We JUST launched a larger box of Welly Face Savers + Thin Tin, which consists of transparent bandages designed for discrete face coverage. Our Face Savers are our one of our most frequently repeated purchase items, and we also know that people like to bring Face Savers with them, so we made a super thin tin that people can put a few Face Savers in, and keep them in their back pocket, clutch, car & back pack easily. Looking at how Welly works in our fans’ lifestyles & responding is core to our success.

Ok let’s now jump to the core part of our interview. In a nutshell, how would you define the difference between brand marketing (branding) and product marketing (advertising)? Can you explain?

Branding is the DNA of the product, company and the people behind it. Advertising is telling that story to the masses.

Can you explain to our readers why it is important to invest resources and energy into building a brand, in addition to the general marketing and advertising efforts?

Well, to me, I believe in spending resources on making the product awesome first. That’s the core. You can’t do anything well without awesome product. Then the brand is about understanding the worldview of the company — what does it stand for, why does it exist, who is this for? Advertising is about bringing the brand to the people it works for today. Product first, define the brand, then shout it from the rooftops.

Can you share 5 strategies that a company should be doing to build a trusted and believable brand?

Create good product. Be good to your team. Live the values. Share the values. Connect with your customers.

In your opinion, what is an example of a company that has done a fantastic job building a believable and beloved brand. What specifically impresses you?

I mean, everyone knows this one, but Patagonia. They live their values as a company, in their products and where they put their resources to support in doing good in the world. Truly, Patagonia lives their values inside and out.

In advertising, one generally measures success by the number of sales. How does one measure the success of a brand building campaign? Is it similar, is it different?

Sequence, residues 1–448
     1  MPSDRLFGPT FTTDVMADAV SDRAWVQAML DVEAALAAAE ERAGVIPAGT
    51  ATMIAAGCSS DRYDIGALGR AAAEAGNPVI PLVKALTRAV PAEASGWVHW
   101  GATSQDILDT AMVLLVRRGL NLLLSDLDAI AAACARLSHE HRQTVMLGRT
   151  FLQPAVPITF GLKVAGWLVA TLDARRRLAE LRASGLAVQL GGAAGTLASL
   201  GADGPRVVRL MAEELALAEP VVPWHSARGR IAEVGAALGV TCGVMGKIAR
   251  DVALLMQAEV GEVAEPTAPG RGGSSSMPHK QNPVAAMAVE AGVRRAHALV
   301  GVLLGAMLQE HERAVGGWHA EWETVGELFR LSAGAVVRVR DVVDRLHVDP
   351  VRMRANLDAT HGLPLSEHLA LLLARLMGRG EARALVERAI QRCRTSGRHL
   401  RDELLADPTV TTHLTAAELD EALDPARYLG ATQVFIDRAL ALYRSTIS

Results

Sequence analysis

The brand builds the moat around the product, the media shines a light on it. Engagement of the campaign and awareness lift are all metrics on brand success.

What role does social media play in your branding efforts?

At Welly, it’s very important. It’s where we talk and engage with our fans. Where we try out content and learn from our mistakes. We get feedback on new products and watch the engagement. We use it as a tremendous listening platform.

What advice would you give to other marketers or business leaders to thrive and avoid burnout?

Take breaks. I love to run in the mornings to get time to do something totally unrelated to my work. I know that’s what everyone says, but it’s true. If you become a work machine, the work shows like work — not like a brand you want to love.

You are a person of great influence. If you could inspire a movement that would bring the most amount of good to the most amount of people, what would that be? You never know what your idea can trigger. 🙂

Find a way to do good, and you’ll never regret it. Shine a light on an important issue, raise money, donate goods and lift others up. Or, find a brand you admire that you want to see succeed — then tag them, write a positive review and be part of their everyday success.

Can you please give us your favorite “Life Lesson Quote”?

You must be more clever than wise.

Sometimes you don’t have the luxury of KNOWING the answers in this wild ride. So trusting your instincts, and trying new things is where the creative thinking grows.

We are blessed that very prominent leaders in business and entertainment read this column. Is there a person in the world with whom you would like to have a lunch or breakfast with? He or she might just see this, especially if we tag them. 🙂

Well, is having breakfast with someone IRL a thing these days? But, Yvon Chouinard, would be pretty amazing.

Share your comments below. Please read our commenting guidelines before posting. If you have a concern about a comment, report it here.

You might also like...


Ranu Coleman: “Promoting the importance of wellness and being active”

by Jilea Hemmings

Davide Petramala and Laura Faughtenberry: “How can you be more proactive with customer experiences to make them feel more effortless”

by Orlando Zayas

David Khandrius of Peachy: “The post-purchase experience”

by Orlando Zayas
We use cookies on our site to give you the best experience possible. By continuing to browse the site, you agree to this use. For more information on how we use cookies, see our Privacy Policy.